This article addresses the politics of class, culture, and complicity associated with Philippine gendered-labor export. Several examples drawn from multisited ethnographic research explore two faces of class: migrant performances of subordination contrasted with militancy in the labor diaspora. With few exceptions, the literature on Philippine women in domestic service has emphasized disciplined subjectivities, the everyday dialectics of subordination. But class is also represented in these same relationships, understandings, and actions. Alternatively, the political expressions of Philippine overseas workers, and their supporters, is a feature of Philippine migration that is not often mentioned in writing concerned with migrant inequalities. This article proposes a reconciliation of these two faces of class expression by exploring how new media, primarily cell-phone technologies, enhance possibilities for organized and personal resistance by Filipino migrants, even as they facilitate migrant acquiescence, linked here to gendered subordination and class complicity, in the contentious reproduction of the migrant labor force.
Pauline Gardiner Barber
Migrants, mobility, and mobilization
Pauline Gardiner Barber and Winnie Lem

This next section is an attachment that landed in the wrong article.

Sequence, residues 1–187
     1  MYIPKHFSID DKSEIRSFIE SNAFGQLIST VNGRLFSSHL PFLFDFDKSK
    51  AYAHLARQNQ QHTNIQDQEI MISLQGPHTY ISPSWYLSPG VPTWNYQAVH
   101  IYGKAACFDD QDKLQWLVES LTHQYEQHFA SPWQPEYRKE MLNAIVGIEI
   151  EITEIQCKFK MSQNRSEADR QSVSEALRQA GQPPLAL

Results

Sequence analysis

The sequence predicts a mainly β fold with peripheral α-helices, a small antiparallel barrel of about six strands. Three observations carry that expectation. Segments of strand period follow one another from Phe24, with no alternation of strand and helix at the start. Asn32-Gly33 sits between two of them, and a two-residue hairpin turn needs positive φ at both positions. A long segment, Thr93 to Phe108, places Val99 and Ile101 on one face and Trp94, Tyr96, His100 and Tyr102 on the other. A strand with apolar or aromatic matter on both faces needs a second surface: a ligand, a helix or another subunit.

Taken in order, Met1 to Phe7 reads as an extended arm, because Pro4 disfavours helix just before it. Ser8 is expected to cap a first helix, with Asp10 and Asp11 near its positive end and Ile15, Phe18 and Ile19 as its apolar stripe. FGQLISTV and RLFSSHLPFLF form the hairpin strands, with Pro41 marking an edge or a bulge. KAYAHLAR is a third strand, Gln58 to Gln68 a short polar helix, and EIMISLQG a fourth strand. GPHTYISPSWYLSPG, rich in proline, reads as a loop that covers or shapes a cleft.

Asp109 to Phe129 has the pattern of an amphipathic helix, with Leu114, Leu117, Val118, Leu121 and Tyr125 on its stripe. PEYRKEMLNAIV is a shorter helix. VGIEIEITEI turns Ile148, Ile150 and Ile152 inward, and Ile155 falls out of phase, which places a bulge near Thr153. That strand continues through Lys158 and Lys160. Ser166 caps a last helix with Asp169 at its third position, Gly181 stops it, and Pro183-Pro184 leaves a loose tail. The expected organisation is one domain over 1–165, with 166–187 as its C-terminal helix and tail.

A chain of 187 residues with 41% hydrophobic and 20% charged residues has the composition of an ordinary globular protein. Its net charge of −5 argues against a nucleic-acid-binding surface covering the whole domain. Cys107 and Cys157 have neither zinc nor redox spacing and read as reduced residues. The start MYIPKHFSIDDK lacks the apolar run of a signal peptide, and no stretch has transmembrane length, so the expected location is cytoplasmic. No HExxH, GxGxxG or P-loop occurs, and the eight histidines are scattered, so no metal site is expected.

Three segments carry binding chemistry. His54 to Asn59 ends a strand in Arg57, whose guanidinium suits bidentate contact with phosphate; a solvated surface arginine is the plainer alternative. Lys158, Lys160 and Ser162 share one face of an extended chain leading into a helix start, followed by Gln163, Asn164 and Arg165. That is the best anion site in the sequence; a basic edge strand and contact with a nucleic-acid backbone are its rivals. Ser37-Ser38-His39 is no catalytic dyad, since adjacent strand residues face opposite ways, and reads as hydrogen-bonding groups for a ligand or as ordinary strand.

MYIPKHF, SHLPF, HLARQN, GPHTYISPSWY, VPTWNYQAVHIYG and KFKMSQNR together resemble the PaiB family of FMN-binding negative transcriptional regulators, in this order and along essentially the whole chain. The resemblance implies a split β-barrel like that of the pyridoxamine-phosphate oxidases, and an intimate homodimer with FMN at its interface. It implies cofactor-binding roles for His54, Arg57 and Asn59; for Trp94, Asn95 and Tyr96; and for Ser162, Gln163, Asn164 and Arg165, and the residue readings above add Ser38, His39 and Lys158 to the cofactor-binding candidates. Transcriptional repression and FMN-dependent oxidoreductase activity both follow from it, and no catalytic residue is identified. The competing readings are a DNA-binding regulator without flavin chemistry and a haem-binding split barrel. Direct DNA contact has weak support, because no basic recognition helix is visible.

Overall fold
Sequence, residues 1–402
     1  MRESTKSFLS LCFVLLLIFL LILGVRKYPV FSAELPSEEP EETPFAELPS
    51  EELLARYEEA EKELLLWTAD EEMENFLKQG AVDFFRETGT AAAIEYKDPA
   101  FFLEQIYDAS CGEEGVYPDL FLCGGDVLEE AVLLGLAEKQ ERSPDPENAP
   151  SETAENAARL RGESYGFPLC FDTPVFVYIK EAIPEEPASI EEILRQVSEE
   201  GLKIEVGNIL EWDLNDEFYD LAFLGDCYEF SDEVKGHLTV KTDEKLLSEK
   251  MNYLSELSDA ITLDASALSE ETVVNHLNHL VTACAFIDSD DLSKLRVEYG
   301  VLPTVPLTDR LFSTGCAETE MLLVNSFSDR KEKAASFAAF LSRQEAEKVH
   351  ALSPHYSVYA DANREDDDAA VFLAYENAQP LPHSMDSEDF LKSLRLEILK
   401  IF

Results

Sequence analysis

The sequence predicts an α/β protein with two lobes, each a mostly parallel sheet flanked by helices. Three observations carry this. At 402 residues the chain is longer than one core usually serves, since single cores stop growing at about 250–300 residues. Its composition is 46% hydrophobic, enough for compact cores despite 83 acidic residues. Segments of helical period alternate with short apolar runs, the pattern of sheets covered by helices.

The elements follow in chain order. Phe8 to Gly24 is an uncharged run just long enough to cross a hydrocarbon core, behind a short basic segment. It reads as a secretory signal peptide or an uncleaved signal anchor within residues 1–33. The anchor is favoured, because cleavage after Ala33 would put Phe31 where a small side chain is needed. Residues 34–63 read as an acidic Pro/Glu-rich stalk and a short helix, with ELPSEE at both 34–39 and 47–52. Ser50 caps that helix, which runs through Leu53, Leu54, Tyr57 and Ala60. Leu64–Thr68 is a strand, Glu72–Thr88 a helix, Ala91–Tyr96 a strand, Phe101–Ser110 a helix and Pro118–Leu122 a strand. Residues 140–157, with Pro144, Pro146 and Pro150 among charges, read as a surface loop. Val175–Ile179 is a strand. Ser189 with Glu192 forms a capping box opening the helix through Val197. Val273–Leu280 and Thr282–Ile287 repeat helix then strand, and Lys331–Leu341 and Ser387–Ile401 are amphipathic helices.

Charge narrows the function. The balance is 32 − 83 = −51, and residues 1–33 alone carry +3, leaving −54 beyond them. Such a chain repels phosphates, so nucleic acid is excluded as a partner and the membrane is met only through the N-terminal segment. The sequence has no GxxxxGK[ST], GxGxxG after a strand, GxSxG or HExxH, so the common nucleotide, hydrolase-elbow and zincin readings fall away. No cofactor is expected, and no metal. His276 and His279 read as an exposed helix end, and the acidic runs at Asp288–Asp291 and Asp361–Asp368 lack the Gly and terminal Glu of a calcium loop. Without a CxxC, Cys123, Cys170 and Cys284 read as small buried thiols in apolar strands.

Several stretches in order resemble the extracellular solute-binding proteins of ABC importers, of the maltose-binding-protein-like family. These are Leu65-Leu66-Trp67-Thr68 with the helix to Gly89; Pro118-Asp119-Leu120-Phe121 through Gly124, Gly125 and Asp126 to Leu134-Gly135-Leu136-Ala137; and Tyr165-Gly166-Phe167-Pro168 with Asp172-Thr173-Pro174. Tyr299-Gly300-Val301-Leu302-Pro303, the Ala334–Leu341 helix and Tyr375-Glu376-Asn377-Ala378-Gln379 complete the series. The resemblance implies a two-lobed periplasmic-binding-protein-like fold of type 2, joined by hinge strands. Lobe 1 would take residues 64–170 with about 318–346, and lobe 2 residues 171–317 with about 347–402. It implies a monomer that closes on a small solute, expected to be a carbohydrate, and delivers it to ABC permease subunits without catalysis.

This issue brings together the work of researchers who seek to illuminate the class configurations of contemporary global diasporas. Contributions proceed by problematizing the relationship between political mobilization and the class locations of women and men as they negotiate and renegotiate the social conditions under which they make a living as émigrés, people who are subject to and participants in the processes of global change. Although class and culture, as well as mobility and fixity, are often presented as oppositional lenses though which to view global transformations, articles in this issue explore the possibilities for translation of particularized local or cultural concerns into broader collective mobilizations of class activism, nationalist claims, or struggles for entitlement in the circumscribed political spaces migrants seek to create. The gender, ethnic, local, national, and other cultural components of identity and class formation are made explicit as contributors question how and why political struggles and activism may, or indeed may not, be carried forward in geographic and social border crossings as well as citizenship and migration scenarios. It is the contention of each contributor that any instance of activism, and also its absence, requires sustained critical examination of the politics and economics of its production and reproduction.